1910, Traveling salesman on a trainThe life of a travelling salesman in the early 20th century US might have involved stuffy railway carriages, soulless hotels and rejection by jaded druggists, but that doesn’t mean there were no lighter moments.

The reports of the Illinois Pharmaceutical Travelers’ Association, established in 1903, give a delightful glimpse into the fun and games to be had at its annual meeting – where the bureaucratic essentials found their balance in such unmissable events as the Fat Man’s Race and the Single vs Married Ladies Tug-of-War.

The Travelers formed an auxiliary organisation of the Illinois Pharmaceutical Association, intended to bring commercial salespeople under the IPA’s aegis and to increase its membership by ‘selling’ the advantages to the druggists they visited. An even more important part of the Travelers’ remit, however, was to arrange the entertainment at the yearly summer convention, where druggists and salesmen could network with each other and engage in friendly rivalry.

The convention had its official purpose, of course, but once the AGM was out of the way, it was time for sightseeing, dining, smoking and enjoying the all the vibrancy and humour the patent medicine trade had to offer. As well as excursions to local places of interest and card parties for the delegates’ female companions, the highlight of the convention was Gala Day.

In the first year of the Travelers’ existence, 1903, they did the Association proud with a programme of amusements at Miller Park, Bloomington, IL. Attendees could compete for valuable prizes in contests that must have been a hoot to behold, especially after a hearty picnic in the sunshine and more than a few swigs from a hip flask. As most of the prizes were donated by the manufacturers of commercial pharmaceuticals, the winners could find themselves in possession of such covetables as Tanglefoot Fly Papers or a case of Dr Kilmer’s Swamp Root.

Some of the competitions called upon talents specific to the trade – in 1904, for example, Fred Thayer won the Deciphering Prescriptions contest, receiving a case of Alabastine (a wall coating that ‘destroys disease germs and vermin’). Other competitors showed their expertise at ‘Guessing the Weight of Mercury’ and ‘Identifying Crude Drugs’.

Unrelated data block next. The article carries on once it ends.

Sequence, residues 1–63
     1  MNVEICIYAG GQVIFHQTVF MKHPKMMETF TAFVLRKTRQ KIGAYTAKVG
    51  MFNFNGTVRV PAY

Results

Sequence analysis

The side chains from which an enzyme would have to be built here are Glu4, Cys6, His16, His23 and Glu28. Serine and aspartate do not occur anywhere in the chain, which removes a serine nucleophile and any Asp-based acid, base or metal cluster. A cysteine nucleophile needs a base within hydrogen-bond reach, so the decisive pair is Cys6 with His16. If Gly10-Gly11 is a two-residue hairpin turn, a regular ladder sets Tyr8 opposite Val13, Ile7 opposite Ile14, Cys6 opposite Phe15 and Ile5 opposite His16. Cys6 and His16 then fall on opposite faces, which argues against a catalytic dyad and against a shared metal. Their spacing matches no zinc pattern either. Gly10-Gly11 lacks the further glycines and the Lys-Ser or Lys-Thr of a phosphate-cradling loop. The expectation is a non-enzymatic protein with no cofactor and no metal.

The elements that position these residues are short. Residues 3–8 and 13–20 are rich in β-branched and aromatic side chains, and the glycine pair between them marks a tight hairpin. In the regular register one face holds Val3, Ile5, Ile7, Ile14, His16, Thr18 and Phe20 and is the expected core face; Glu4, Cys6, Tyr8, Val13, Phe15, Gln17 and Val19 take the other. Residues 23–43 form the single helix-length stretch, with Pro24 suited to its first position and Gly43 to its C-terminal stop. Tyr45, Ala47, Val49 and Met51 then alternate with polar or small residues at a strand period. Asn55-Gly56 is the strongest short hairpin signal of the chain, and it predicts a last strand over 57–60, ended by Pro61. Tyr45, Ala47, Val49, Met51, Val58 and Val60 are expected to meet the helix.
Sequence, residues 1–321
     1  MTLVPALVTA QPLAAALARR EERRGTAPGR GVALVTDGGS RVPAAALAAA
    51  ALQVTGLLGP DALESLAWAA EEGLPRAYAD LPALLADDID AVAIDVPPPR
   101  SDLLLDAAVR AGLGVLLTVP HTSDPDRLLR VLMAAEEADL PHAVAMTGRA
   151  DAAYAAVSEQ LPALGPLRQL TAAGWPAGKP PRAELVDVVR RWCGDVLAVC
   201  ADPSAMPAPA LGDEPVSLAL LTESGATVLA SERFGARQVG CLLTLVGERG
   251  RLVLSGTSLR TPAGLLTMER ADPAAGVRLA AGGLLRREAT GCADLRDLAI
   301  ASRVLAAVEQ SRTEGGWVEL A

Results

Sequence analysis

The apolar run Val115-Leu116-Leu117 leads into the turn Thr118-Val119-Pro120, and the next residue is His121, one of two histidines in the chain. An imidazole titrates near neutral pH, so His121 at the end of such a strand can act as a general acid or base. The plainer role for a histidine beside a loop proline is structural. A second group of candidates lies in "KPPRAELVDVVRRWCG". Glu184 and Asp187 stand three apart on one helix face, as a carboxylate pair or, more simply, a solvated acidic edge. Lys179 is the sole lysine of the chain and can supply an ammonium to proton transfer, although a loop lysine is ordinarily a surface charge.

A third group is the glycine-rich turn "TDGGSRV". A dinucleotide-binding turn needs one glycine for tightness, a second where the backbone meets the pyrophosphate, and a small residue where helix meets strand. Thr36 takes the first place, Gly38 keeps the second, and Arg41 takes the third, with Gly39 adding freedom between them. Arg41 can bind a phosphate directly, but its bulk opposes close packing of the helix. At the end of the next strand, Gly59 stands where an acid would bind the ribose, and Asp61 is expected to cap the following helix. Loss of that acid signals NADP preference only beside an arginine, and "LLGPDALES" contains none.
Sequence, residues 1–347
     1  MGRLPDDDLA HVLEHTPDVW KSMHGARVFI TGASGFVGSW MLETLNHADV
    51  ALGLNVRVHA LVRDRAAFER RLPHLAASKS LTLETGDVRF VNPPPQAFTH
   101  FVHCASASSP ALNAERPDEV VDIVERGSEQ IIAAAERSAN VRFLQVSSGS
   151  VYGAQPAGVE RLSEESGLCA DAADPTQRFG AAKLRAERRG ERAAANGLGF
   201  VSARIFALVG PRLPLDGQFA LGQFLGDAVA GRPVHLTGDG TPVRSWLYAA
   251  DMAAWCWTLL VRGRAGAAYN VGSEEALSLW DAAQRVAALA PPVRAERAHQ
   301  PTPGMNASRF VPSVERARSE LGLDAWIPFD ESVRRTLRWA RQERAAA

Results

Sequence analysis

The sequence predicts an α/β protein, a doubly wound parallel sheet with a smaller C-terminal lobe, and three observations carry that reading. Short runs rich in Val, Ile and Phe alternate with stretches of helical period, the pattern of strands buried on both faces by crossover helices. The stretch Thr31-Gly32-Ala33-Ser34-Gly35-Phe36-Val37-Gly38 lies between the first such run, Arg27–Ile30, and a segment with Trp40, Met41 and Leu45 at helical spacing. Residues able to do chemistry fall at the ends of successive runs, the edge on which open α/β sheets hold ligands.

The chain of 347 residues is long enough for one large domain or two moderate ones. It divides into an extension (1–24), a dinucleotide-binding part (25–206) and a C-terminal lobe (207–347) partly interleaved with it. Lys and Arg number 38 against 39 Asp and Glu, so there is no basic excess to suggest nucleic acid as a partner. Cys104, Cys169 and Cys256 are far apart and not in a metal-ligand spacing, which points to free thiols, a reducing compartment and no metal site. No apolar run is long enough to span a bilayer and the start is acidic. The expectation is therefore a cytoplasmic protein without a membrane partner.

There was, however, plenty for the attendees’ families to get involved with too. Anyone could take a guess at how many ‘Iron-up’ tablets were in a jar, and numerous events were reserved for ladies – including the Nail-Driving Contest and the Chewing Gum Contest.

Not a dull moment was spent during the entire afternoon,’ said the 1904 report.

Other competitions required athletic prowess. To be eligible for the Fat Man’s Race, contestants had to weigh at least 190lb, though by 1908 the threshold had risen to 210lbs. Lest thin folks felt left out, there was also a ‘Lean Man’s Race’ for those under 140lb. Average-weight people had plenty of opportunity to join in the fun with events such as the sack race, the 100-yard dash and ‘The Longest and Loudest Shouter.’

The amount of organisation involved was considerable. In 1905, the Travelers arranged for the S.S. Charles H Hackley to take guests from Rush Street Bridge to Fort Sheridan. There, they would watch artillery, cavalry and infantry drills, then ride the Chicago and Milwaukee Electric Railway to Ravinia Park, ‘the most beautiful and artistic summer resort in America,’ for ‘lunch under the beautiful trees and field events accompanied by Sousa’s Famous Band.’

It was August. The weather should have been wonderful, but the 800 attendees got off the boat at Fort Sheridan to face a mile walk in the pouring rain, lunch under cover, and the athletic events called off. Nevertheless, they managed to enjoy the music in the band pavilion and ‘everybody was wet, but good natured.’

Those not keen on the more energetic frivolities did not necessarily escape the limelight. Some winners were decided by vote during the course of the conference, and even having the baldest head or the largest hat could net you a supply of tooth powder or Bromo-seltzer.

The ‘Laziest Man at Convention’ was presented in 1906 with three dozen packets of De Witt’s Little Early Risers (a popular laxative), while the 1908 ‘Saddest Man at Convention’ won two bottles of Green River Whiskey. As the programme pointed out, ‘He needs it.’

Perhaps the best-deserved prize, however, was awarded in 1903, when ‘The most popular bachelor in attendance’, went home with a dozen packs of Getz Bed Bug Exterminator.


  1. My great grand father John Findlay, born 1881 in Glasgow, is listed in his passport as being a MEDICAL TRAVELLER. Could you possibly shed somelight on what his job involved? Was he a pharmaceutical rep perhaps? He travelled a great deal to Scandinvavia, Africa and around Britain and Ireland in this capacity.

    I would so appreciate some help with what a Medical Traveller actually was!

    Kind REgards

    • Hi Amanda,

      Yes, it sounds like he was a salesman for a commercial company selling medical products – could have been drugs or devices and it was probably a substantial firm if he was travelling abroad. I would love to hear if you find out more about him!

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